Chicago's biggest mafia trial in years opened today, with five reputed mobsters accused of being involved in a string of long-unsolved brutal murders, including one that inspired the Martin Scorsese movie "Casino."
Dubbed the "family secrets" trial because it may pit brother against brother and son against father, it's being hailed as one of the last great mafia trials in a city known for its colorful criminals, which include Al "Scarface" Capone and Sam "The Cigar" Giancana.
Watch Jim Avila's report on "World News With Charles Gibson" Thursday
"This is not 'The Sopranos.' This is not 'The Godfather.' These are real people, very corrupt and without honor," Assistant U.S. Attorney John Scully told the anonymous jury in his opening statement Thursday.
Though not the end of the mafia, the case could be one of the last major trials of a dying breed of aging reputed mobsters -- men with nicknames like "Tony the Ant" and "Joey the Clown."
"This is the final death knell" for the mob, Joe Tacopina, a New York criminal defense attorney, told ABC News. "But the mob as we know it has been over for quite some time."
The defendants, alleged members or associates of "The Outfit," Chicago's crime organization, are accused of racketeering, conspiracy and murder in 18 unsolved slayings stretching back more than 35 years.
The notorious murders include the death of Tony "The Ant" Spilotro, who was tortured before he was buried alive in an Indiana cornfield in 1986. The killing was the inspiration for the 1995 Scorsese movie "Casino," with Joe Pesci playing Spilotro.
Prosecutors are expected to rely on several mob turncoats to seal their case -- a dramatic change from 15 or 20 years ago, when prosecutors struggled to find mafia informants who were willing to testify against their own.
"I know too many guys who got whacked," Frank Cullata, an admitted hitman and the government's star witness, told ABC News. "If they want to hate me, they have the right to hate me."
"I can't say I am any better than them or any worse than them. We both did terrible things," Cullata said. "I would just say that I made the right decision."
Reputed mob boss Joseph "Joey the Clown" Lombardo, 78; James Marcello, 65; Frank Calabrese Sr., 70; and Paul "The Indian" Schiro, 69, are all said to be the top members of "The Outfit." The fifth defendant is a retired Chicago police officer, Anthony Doyle, 62. All have pleaded not guilty.
In court Thursday, prosecutor Scully described the defendants as hardened killers, saying Calabrese strangled witnesses with a rope and cut their throats to make sure they were dead, The Associated Press reported.
Calabrese's brother and son are expected to testify for the prosecution. Calabrese's son, Frank Jr., allegedly wore a wire to secretly record conversations he had with his father while he was in prison.
But defense attorneys painted a very different picture of their clients. Calabrese's attorney, Joseph Lopez, told the jury that Calabrese was a religious man "who believes in peace" and loved his family.
Lombardo's attorney, Rick Halprin, defended his client. "When you're asking who is Joey Lombardo, he is not the head of the mob, and he is not who he is portrayed to be," Halprin told ABC News.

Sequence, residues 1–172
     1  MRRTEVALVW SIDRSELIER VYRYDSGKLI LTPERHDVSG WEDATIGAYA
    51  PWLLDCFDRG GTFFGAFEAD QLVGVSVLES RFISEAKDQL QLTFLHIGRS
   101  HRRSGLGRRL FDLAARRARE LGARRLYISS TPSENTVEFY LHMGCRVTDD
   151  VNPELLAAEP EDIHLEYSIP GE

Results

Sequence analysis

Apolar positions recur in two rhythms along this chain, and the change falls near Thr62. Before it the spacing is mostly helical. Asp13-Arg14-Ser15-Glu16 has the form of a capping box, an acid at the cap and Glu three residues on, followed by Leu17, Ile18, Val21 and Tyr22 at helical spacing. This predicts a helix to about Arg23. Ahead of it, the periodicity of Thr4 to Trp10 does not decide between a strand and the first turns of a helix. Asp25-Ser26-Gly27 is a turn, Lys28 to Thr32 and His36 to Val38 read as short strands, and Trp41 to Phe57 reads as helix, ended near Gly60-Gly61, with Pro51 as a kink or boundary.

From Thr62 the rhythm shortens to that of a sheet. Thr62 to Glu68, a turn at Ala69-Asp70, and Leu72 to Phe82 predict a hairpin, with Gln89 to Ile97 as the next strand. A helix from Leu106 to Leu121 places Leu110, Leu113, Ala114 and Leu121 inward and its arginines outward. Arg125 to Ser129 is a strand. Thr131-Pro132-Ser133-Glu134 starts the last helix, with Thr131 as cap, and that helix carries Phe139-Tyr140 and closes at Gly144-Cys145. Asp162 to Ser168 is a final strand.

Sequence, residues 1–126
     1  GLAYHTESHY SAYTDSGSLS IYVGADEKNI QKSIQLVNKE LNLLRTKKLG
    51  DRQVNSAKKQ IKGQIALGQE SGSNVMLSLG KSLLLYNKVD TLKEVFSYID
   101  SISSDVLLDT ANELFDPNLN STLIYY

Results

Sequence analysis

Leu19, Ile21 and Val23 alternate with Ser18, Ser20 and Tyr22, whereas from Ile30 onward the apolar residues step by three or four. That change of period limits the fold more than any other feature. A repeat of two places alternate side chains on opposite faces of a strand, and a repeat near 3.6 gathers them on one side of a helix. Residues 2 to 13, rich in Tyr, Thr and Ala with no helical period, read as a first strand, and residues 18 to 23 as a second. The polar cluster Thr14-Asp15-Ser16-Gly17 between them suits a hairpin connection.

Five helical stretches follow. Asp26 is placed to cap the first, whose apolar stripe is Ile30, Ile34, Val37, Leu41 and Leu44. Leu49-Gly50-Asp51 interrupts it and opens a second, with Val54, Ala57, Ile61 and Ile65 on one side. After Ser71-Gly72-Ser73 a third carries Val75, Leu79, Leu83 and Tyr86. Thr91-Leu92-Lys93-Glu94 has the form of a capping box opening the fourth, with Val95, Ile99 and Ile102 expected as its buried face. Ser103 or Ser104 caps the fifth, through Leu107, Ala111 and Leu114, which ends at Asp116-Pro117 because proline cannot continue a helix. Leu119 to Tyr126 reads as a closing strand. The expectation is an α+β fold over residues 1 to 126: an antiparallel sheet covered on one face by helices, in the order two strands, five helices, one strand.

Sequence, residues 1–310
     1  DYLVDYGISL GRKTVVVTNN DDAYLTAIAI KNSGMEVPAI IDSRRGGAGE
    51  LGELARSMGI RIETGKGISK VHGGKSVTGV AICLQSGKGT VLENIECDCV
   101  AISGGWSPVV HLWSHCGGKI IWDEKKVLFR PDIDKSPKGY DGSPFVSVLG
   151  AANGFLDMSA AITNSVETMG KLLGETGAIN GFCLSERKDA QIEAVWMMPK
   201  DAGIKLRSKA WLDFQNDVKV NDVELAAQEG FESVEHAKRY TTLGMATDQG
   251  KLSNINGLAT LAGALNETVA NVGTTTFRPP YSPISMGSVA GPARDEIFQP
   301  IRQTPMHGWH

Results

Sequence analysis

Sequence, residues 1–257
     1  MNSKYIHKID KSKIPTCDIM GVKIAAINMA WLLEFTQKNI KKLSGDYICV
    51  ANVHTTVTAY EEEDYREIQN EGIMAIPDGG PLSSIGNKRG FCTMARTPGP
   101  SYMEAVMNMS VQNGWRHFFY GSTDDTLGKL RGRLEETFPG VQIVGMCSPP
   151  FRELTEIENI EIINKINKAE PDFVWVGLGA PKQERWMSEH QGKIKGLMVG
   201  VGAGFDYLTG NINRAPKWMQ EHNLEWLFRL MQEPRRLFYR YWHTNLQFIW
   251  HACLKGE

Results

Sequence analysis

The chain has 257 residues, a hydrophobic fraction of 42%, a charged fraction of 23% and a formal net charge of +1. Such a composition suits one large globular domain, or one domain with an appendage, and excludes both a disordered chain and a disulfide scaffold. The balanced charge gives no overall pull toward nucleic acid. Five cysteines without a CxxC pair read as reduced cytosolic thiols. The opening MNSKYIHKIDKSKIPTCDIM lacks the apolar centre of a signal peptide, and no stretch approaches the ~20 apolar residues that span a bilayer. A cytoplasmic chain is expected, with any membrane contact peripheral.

'A More Peaceful Mob'
The fight against the mafia today is not what it once was, said experts. Former Chicago FBI organized crime chief Lee Flosi said the bureau has focused more on fighting terrorism since Sept. 11.
The criminals have changed, too.
"It's a much more peaceful mob now than it was back in that era," Flosi told ABC News. "They want to ply their trade, make their money, live in the suburbs."
Defendants in the "family secrets" trial, though, fit the mold of flashy, colorful characters, with names like "Joey the Clown," "Frank the German," "Tony the Ant" and "Jimmy the Man." Joey Lombardo once took out a newspaper ad announcing he was no longer in the mob.
"He has this image. Some of it is due entirely to his demeanor," Halprin said. "He is funny."
Flosi, the former Chicago FBI agent, said, "If you rub it in law enforcement's face, they're going to give you the attention and then you're going to go to jail."
Racketeering Laws Key
State and federal racketeering laws have been the key to the mob's downsized influence, legal experts said.
The Racketeer Influenced and Corrupt Organizations Act, referred to as RICO, allows prosecutors to attack an entire organization instead of prosecuting each individual crime. It provided for enhanced sentences for organized crimes.
The RICO statutes also make it easier to convict the heads of organized crime families, who may not themselves get their hands dirty, for the crimes of the organization.
"RICO has been critical. Many of crimes we solved would have been impossible for us to prosecute if it were not for the RICO statutes," said Jim Walden, a former federal prosecutor who handled mafia cases in New York. "It's incredibly effective and incredibly powerful."
Not the End
Still, the mob may be dying a slow death, and experts warn that organized crime is not going to disappear anytime soon.
"The mob's got a hundred year history," said Walden. "It's one of those organizations that, once you cut the head off, it grows a new head."
Flosi, the retired head of the FBI organized crime task force in Chicago, agreed. "When the heat is on, they change, they adapt," he said.
With reporting by Lauren Pearle, Elizabeth Tribolet, Hae Kim, Allison Battey, The Associated Press and the ABC News Law & Justice Unit.